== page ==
New study links hospital privatization to worse patient care

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A new review has concluded that privatized hospitals tend to provide poorer quality care after becoming publicly owned. The study, led by researchers at the University of Oxford, was published today in The Lancet Public Health.

Lead author Dr Benjamin Goodair, a postdoctoral researcher in the Department of Social Policy and Intervention at the University of Oxford, said: “This review challenges the justifications for the privatization of healthcare and concludes that the scientific support for to healthcare privatization is weak. In general, hospital privatization can reduce costs, but it does so at the expense of quality of care.”

The researchers conducted an evidence-based meta-analysis of 13 longitudinal studies, covering a range of high-income countries. Each study assessed the quality of patient care measures before and after the privatization of health services, both at the hospital and regional levels. The studies included measured indicators of quality of care that included staffing levels, patient mix by insurance type, number of services provided, physician workload, and patient health outcomes. such as avoidable hospitalizations.

Credit: University of Oxford

Increases in privatization generally corresponded to worse quality of care, with no studies included in the review finding unequivocally positive effects on health outcomes. In addition, hospitals that transitioned from publicly owned to privately owned status tended to earn higher profits. This was achieved primarily by reducing staffing levels and reducing the proportion of patients with limited health insurance coverage.

In general, privatization was associated with fewer cleaning staff employed per patient and higher rates of patient infections, and in some studies, higher levels of hospital privatization were associated with higher rates of preventable deaths. However, in some cases (eg Croatia) privatization brought some benefits for patient access, through more accurate appointments and new means of care, such as after-hours telephone calls.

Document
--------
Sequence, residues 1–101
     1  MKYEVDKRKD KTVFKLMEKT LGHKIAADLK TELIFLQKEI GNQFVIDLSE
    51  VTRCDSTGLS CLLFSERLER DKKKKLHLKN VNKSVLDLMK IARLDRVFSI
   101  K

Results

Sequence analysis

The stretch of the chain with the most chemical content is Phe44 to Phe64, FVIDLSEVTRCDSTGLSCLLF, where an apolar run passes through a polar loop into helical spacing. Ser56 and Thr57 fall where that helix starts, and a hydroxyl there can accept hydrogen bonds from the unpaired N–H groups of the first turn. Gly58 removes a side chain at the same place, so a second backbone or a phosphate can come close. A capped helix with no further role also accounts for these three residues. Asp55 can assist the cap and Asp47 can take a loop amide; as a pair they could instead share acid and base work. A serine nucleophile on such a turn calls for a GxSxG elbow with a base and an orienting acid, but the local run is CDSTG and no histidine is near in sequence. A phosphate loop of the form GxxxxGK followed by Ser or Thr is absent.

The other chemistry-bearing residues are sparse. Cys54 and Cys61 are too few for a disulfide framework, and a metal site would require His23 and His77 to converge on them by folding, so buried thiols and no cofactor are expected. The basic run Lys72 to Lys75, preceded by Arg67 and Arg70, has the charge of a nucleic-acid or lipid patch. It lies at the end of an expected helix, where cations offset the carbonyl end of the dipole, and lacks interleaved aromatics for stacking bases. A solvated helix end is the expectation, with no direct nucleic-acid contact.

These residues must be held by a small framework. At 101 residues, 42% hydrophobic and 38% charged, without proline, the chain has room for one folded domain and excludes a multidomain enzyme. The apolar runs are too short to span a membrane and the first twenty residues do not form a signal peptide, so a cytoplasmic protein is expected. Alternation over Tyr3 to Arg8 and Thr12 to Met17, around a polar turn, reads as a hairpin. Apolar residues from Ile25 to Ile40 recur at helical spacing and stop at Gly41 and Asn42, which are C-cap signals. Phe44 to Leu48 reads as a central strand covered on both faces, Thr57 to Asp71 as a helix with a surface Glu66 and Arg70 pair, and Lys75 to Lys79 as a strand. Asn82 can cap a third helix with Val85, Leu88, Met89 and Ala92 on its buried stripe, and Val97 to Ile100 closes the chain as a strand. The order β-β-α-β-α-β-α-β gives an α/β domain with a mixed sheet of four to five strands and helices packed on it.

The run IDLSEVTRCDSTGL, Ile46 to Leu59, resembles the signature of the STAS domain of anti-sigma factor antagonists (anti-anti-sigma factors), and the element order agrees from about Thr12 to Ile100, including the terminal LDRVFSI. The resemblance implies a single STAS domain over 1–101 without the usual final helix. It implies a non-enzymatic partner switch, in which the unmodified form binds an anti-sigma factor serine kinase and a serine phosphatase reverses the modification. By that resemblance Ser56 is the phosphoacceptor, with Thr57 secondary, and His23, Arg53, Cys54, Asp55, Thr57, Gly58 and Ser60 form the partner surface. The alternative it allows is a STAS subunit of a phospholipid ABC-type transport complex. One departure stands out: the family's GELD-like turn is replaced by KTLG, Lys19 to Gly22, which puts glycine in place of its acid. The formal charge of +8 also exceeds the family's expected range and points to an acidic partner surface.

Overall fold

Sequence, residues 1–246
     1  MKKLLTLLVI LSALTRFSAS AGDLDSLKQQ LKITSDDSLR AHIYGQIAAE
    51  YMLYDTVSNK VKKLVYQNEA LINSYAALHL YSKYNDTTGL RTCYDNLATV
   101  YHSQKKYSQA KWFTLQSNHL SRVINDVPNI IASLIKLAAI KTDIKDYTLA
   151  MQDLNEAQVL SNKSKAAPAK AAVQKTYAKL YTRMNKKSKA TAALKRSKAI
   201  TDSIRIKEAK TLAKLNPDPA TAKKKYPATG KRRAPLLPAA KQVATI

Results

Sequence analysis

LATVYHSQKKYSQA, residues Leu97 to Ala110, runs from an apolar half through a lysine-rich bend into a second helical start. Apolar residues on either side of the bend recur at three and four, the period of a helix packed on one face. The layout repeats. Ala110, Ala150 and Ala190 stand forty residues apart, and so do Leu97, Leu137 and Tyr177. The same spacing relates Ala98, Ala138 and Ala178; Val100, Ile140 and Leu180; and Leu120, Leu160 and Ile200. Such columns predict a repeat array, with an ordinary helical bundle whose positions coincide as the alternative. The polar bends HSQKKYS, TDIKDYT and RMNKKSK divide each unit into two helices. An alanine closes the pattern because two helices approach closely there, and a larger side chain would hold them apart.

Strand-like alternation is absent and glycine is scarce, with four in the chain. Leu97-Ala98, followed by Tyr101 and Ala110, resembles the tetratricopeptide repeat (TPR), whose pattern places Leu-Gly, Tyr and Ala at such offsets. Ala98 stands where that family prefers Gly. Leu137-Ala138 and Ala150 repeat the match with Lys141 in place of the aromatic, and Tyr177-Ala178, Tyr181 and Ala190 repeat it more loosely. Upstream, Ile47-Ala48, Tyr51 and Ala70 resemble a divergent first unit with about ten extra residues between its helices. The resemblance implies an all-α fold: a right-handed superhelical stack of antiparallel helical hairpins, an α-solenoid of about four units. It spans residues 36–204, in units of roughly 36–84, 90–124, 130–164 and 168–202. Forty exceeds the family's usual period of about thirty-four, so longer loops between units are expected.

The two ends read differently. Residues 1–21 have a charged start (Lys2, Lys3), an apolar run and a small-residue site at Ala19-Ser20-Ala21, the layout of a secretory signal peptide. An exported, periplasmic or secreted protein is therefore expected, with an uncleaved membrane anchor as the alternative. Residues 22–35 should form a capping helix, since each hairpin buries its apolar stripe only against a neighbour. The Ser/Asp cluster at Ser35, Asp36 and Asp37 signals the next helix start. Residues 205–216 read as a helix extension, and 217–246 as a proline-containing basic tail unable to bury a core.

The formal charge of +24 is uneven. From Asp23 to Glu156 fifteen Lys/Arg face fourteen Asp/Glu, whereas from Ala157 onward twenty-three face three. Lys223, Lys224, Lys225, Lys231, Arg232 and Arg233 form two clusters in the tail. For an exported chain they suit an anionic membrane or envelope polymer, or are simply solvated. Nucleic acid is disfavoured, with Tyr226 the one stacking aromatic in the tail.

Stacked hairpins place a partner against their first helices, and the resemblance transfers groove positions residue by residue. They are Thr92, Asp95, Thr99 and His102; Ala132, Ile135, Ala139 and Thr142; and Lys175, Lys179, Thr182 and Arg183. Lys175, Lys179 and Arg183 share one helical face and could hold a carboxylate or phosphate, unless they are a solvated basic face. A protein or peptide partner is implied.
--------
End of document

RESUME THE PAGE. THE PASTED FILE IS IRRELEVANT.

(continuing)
According to the researchers, the results challenge the theory that privatization can improve the quality of health care by increasing competition in the market and allowing for a more flexible and patient-centered approach.

More research is now needed into the effects of privatization on other aspects of health care, including community, primary and ambulance services.

Co-author Professor Aaron Reeves, from the University of Oxford’s Department of Social Policy and Intervention, said: “Health care systems are under pressure from aging populations, constrained budgets and the of the COVID-19 pandemic and governments could see privatization as a single, simple solution to the pressures, but there is a risk that the pursuit of short-term reductions may come at the expense of long-term outcomes, as the “outsourcing services to the private sector does not seem to offer better both care and cheaper care.”

The countries included in the analysis were Canada, Croatia, England, Germany, Italy, South Korea, Sweden and the USA

More information:
The effect of privatization of health care on the quality of care, The Lancet Public Health (2024). DOI: 10.1016/S2468-2667(24)00003-3

Provided by the University of Oxford

Summons: New study links hospital privatization to worse patient care (2024, February 28) retrieved March 23, 2024 from privatization-worse-patient.html

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